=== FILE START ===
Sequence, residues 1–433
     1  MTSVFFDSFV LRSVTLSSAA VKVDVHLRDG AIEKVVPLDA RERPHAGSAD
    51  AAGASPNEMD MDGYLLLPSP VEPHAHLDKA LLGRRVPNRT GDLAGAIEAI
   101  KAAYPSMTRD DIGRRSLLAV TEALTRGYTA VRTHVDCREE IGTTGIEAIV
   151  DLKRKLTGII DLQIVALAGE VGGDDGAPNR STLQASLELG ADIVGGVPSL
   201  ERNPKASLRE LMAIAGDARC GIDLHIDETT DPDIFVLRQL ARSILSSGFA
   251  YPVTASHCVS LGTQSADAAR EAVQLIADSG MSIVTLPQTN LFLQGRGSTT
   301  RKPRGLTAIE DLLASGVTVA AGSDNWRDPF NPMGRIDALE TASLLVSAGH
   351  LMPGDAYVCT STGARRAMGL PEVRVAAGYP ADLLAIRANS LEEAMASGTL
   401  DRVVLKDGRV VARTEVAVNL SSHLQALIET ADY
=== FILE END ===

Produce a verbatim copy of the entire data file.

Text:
Sequence, residues 1–433
     1  MTSVFFDSFV LRSVTLSSAA VKVDVHLRDG AIEKVVPLDA RERPHAGSAD
    51  AAGASPNEMD MDGYLLLPSP VEPHAHLDKA LLGRRVPNRT GDLAGAIEAI
   101  KAAYPSMTRD DIGRRSLLAV TEALTRGYTA VRTHVDCREE IGTTGIEAIV
   151  DLKRKLTGII DLQIVALAGE VGGDDGAPNR STLQASLELG ADIVGGVPSL
   201  ERNPKASLRE LMAIAGDARC GIDLHIDETT DPDIFVLRQL ARSILSSGFA
   251  YPVTASHCVS LGTQSADAAR EAVQLIADSG MSIVTLPQTN LFLQGRGSTT
   301  RKPRGLTAIE DLLASGVTVA AGSDNWRDPF NPMGRIDALE TASLLVSAGH
   351  LMPGDAYVCT STGARRAMGL PEVRVAAGYP ADLLAIRANS LEEAMASGTL
   401  DRVVLKDGRV VARTEVAVNL SSHLQALIET ADY